Not a phase of its own, but Damage is a critical concept that will come up time and time again in Battletech. It’s got a step by step Question and Answer method of determining damage resolution and a really easy to read flowchart. Between both, you should be able to handle even the most complicated damage resolution situations you can run into. It also features a wonderful explanation of how critical hits work, and what they’re going to do to your units.
Heat is an interesting concept that cause a lot of trouble for battleMechs. The short explanation is that every unit generates waste heat by walking around, jumping over things, and shooting guns at other units. Avoid fires, lava, and other things that are hot, and you can do a job of managing heat more effectively. Excess heat can cause your battleMechs to shut down, their ammo to cook off, and a host of other problems. Heat’s an essential part of the Battletech game, and it’s covered very well in the manual.
There are a few other critical things that can happen during game play (Piloting Skill Rolls are a prime example) but don’t have a specific phase of their own. This section covers the specifics of how those actions work and the situations that cause them to happen. If you’ve been reading this book in sequence, then all of the rules you’ve been covering build off of each other, and this section fills in the special cases.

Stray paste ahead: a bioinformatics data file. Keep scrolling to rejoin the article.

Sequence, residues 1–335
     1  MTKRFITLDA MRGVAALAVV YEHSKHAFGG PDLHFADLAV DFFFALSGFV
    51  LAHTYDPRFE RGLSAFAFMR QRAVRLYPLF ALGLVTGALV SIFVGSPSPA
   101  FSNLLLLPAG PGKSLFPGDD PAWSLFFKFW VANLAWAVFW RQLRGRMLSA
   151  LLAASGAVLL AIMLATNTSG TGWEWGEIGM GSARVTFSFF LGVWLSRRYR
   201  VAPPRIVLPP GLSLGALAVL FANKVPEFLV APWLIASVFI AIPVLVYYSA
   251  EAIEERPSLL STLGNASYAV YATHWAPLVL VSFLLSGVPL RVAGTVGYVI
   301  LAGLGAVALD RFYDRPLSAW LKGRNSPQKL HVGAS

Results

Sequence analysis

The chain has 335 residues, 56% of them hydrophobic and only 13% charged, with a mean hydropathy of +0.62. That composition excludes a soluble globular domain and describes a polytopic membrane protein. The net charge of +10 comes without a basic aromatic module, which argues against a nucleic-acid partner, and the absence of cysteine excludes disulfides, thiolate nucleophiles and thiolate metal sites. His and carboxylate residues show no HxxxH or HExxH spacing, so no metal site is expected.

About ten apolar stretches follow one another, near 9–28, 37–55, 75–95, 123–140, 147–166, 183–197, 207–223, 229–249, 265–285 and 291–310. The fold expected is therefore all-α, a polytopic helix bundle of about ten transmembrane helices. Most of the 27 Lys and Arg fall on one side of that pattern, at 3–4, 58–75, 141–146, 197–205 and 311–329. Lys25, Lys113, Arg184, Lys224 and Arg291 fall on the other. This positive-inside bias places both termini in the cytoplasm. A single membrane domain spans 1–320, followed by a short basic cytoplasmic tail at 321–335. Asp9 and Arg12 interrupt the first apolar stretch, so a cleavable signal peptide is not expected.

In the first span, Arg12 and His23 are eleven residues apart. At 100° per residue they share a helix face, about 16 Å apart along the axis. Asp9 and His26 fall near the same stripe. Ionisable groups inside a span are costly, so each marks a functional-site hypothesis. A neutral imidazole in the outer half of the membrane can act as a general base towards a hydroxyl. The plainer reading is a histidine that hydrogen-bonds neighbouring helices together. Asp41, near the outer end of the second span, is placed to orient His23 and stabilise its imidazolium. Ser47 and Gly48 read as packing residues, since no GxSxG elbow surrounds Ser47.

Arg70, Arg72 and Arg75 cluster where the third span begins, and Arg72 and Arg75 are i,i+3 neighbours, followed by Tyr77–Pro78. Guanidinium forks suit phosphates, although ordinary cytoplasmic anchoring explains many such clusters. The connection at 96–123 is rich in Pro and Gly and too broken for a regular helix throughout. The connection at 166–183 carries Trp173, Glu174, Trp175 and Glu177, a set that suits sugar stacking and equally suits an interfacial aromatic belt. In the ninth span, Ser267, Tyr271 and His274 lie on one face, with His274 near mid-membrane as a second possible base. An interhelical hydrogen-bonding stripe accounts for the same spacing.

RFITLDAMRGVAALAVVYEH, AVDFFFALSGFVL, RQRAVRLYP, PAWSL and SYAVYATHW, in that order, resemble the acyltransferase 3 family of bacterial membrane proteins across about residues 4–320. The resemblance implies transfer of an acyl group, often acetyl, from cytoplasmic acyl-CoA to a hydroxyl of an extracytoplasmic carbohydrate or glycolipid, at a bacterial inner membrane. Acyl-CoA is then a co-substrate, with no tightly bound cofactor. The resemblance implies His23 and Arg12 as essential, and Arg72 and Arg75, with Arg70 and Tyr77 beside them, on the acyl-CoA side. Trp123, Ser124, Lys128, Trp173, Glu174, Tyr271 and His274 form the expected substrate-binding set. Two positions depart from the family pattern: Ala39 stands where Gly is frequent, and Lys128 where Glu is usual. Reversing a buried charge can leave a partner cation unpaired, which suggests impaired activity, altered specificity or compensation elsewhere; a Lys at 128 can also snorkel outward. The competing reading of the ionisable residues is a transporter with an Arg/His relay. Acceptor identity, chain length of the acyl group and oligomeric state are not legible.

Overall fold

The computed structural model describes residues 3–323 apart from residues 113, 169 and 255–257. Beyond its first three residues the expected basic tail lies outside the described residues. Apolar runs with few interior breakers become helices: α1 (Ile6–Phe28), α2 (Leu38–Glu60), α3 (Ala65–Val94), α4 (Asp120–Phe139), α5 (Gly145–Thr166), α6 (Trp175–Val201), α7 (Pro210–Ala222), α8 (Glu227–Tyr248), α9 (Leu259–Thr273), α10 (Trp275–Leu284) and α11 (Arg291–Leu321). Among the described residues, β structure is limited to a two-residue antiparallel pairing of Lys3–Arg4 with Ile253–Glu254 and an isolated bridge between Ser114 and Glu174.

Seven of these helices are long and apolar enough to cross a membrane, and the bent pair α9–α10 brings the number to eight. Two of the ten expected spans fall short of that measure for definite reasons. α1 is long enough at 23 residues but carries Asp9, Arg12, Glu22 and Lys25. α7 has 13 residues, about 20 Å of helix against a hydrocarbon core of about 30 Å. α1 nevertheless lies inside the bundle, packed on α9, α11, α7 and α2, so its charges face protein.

There is an amazing array of potential battlefields and planetary conditions that can affect a game of Battletech, and this section covers everything but Urban Combat (which follows in the section after it). If you’re interested in unusual battlefields, odd weather, and a host of other crazy things (like heavy snowfall or storms), this section covers everything you could want for bizarre weather or terrain.
This section covers all of the special case rules that apply to city fighting and what happens when you slam a 70 ton battlemech into a 2 story building. Cities are an essential part of the Battletech combat experience, and this section features all of the rules you’re going to need to put your units into the thick of an urban sprawl to take the planet.
Special Case Rules
The Special Case Rules covers virtually every other situation you can encounter playing Battletech in 95% of the games you’re going to play. From Forced Withdrawal to Orbital Insertions, the rules are here to support what unusual changes you might want to incorporate into your game. The key things that i absolutely love about this section are the Battlefield Support Rules and the Design Quirks.
Battlefield Support Rules incorporate Aerospace Fighter Support, Artillery, and MineFields as purchasable upgrades that a player can pick before the game starts. These have been a part of the game since its earliest days, but this is one of the first times i have seen an easy way to integrate these rules into a “standard” game of Battletech. Battletech is a game of complexities and interactions, but the BSR ease back on the complexities and make the game easier to play while adding in additional elements. Absolutely neat way of integrating things.